Journalism is an outlet for the dissemination of information to the community and thus, responsible reporting is vital to the quality of media. The power of press is immense and Tocqueville states, “ The press places a powerful weapon within every man’s reach…the press enables him to summon all his fellow men to his assistance…Press is the chiefs democratic instrument of freedom”.[8] Secondly, in this endeavor of reporting, it is essential that the press remains neutral. However, partisan biases towards political parties have cropped up with mainstream media outlets, especially television news channels. For example: Television news channels such as Zee News and Times Now have shifted from a liberal-left to right-wing variant of reporting to inflate their television rating point. Consequentially, it has aligned itself with the populist flavor of the ruling BJP and the style of communication the party resorts to. Pankaj Pachauri, media adviser to the former Prime Minister of India, Manmohan Singh commented in June that journalism in India is in a precarious situation as the “wall between marketing and editorial” is disintegrating.[9] He remarked that the content being aired on television news channels does not contribute to the enhancement of democracy. More specifically, the content being aired is dependent on the returns it can supply to the revenue. Tocqueville felt that the American press was not being revolutionary in attacking a policy or law of the government. He considered it the duty of the press to initiate discussion and question public institutions for their choices. Furthermore, it contributes to the normalization of such discussion and fosters active civic engagement as an instrument of democracy. Deutsche Welle (DW), an international German broadcaster reported on the quality level of India’s public discourse being lowered by the media. [10] There is skepticism regarding the degree of liberalism the press in India exercises based on the ownership of media houses. The share control of media houses by corporate owners, who are closely tied to the government, has been an issue of contention. For instance: Mukesh Ambani, India’s richest man and an open supporter of the Modi government holds 51% percent shares in NDTV, a prominent television news channel. The ministry of corporate affairs reported that along with NDTV; there are four other news agencies, namely News Nation, India TV, News24 and Network18 that are held by Mukesh Ambani or his industrialist associate, Mahendra Nahata.[11] There is also evidence of aides of political leaders owning shares in television news channel. The best example would be Jaya TV and Sun Network in the state of Tamil Nadu. The former was owned by Tamil Nadu’s ex-Chief minister, Jayalitha’s aide Sasikala and the latter was owned by the grand-nephew of the opposition party leader, Karunanidhi. The SUN News channel has been accused of being the opposition party’s mouthpiece.[12] These evidences clearly illustrate a conflict of interest that arises between owners and journalists part of these media houses. Furthermore, this issue of ownership has affected investigative journalism in the Indian scenario as it severs connections to those in power. The above evidences shed light on the shortcomings of the press and how it has failed to assert its independence.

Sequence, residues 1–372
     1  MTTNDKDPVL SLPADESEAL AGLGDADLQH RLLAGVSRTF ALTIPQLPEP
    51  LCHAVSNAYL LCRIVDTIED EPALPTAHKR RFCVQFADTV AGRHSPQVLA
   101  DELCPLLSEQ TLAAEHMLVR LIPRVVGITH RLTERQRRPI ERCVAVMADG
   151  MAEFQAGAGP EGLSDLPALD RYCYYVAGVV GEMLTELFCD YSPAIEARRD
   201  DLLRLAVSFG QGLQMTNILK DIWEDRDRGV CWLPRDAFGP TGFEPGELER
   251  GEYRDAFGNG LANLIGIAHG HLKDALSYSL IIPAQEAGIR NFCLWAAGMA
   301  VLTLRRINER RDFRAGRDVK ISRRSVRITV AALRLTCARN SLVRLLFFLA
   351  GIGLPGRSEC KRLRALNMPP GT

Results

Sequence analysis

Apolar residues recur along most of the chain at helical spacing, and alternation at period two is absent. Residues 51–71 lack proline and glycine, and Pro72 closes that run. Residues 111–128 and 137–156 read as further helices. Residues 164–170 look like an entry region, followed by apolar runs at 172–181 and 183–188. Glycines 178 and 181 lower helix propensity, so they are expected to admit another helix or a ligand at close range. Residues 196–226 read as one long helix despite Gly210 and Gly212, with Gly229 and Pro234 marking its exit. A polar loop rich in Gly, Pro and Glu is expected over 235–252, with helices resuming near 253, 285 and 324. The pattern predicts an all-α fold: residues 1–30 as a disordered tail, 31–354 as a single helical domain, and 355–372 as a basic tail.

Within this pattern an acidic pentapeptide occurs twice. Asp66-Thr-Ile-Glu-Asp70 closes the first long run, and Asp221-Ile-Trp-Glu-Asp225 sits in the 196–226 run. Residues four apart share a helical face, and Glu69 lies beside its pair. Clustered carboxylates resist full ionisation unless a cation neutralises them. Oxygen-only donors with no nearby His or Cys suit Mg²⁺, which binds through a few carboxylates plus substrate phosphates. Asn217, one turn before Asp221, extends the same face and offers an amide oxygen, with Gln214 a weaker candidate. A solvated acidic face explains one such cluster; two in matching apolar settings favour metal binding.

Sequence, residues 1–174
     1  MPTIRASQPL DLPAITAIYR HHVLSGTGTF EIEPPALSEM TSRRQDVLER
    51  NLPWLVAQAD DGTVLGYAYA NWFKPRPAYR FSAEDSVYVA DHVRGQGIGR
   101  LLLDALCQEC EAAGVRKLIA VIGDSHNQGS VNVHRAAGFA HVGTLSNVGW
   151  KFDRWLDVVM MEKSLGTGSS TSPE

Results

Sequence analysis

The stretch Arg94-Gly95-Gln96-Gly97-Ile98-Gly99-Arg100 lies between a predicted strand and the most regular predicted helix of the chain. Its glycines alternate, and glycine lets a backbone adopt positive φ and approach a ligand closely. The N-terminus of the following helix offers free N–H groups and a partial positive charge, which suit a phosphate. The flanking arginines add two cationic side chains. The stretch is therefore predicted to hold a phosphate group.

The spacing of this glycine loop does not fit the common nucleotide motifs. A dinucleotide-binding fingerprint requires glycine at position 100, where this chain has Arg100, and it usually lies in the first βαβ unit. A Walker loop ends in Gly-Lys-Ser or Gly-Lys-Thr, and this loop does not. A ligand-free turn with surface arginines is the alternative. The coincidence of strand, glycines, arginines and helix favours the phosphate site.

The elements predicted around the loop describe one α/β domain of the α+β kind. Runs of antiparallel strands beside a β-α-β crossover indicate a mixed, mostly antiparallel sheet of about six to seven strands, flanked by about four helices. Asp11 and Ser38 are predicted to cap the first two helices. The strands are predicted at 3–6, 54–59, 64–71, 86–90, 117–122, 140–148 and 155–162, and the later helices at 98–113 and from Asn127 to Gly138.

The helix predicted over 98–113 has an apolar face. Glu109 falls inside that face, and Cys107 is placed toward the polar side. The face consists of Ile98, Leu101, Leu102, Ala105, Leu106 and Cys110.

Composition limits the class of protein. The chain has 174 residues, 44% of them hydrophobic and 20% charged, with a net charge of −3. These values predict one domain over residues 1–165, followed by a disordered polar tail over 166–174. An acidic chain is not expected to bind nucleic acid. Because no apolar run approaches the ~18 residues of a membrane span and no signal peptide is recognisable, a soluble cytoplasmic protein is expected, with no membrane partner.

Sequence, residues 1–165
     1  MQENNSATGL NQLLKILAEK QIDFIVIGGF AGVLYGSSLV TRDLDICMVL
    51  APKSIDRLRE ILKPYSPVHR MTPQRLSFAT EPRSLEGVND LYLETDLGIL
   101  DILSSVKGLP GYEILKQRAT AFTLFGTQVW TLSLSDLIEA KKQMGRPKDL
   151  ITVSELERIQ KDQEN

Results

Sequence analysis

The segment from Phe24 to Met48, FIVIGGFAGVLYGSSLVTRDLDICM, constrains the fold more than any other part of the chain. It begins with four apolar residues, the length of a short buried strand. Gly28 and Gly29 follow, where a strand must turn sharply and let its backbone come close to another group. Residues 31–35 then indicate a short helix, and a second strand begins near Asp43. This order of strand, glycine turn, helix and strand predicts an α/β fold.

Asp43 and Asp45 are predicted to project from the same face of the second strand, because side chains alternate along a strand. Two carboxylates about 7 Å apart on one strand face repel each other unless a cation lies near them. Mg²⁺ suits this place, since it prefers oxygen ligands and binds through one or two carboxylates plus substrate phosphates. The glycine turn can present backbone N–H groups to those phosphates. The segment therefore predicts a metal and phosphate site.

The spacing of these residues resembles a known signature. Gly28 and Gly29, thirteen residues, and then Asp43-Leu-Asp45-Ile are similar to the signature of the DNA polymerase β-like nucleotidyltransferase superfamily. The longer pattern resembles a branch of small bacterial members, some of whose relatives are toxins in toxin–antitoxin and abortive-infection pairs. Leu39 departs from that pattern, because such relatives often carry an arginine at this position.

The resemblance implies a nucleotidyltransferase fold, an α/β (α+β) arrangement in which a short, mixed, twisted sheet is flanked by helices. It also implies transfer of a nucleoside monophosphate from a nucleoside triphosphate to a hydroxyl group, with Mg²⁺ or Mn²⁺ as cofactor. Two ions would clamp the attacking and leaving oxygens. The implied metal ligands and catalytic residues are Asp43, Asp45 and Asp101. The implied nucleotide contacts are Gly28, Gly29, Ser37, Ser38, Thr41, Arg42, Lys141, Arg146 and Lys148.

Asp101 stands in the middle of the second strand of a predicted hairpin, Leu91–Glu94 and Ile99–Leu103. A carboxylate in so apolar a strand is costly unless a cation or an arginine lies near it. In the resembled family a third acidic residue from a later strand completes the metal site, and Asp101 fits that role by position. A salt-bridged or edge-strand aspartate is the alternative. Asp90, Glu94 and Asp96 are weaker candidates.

To conclude, Tocqueville as a strong advocate of freedom of press does make relevant arguments but his idea on how to keep the press independent would not fit in contemporary settings. Furthermore in the Indian context and most democracies today, there is a middle way. Constitutional limits exist as safeguards from the possible abuses of full license in my opinion. On the basis of the facts listed, television news channels surely seem compromised and inefficient in the preservation of liberty. Yet, all hope is not lost. The advent of social media and online platforms run by the civil society has broadened platforms of citizenry activism in India. It may not necessarily be autonomous neutral platforms but it reinforces public discourse on common matters. The choice of subscribing to anonymity while rendering an opinion on these platforms does to a certain degree attract those holding dissenting opinions and safeguards them from persecution but it could be dangerous too. There are other inherent evils of subscribing to such platforms for information (e.g.: Fake news) but it is an alternative to mainstream mass media in such an eco-system. In a representative democracy like India and a 1.2 billion population, the media is extremely essential as a link between the government and the people. India has witnessed a 40% growth in Internet usage over the past year and has the 2nd largest Internet usage base. With close to 26.7 million projected Twitter users for 2018 and world’s largest number of Facebook users at 195 million users, journalism has a larger audience to be responsible to. Advancements since Tocqueville’s time clearly indicate that despite status of press being suppressed by the state, there exist third party platforms that allow mainstream press to circumvent the state and reclaim their freedom in some sense. Furthermore, freedom of press in India is ever so relevant to longevity and regime legitimacy. Lastly, as the world’s largest democracy, the absence of this instrument could illicit extreme responses to the actions and inactions of the government. This puts at stake the character and quality of Indian democracy.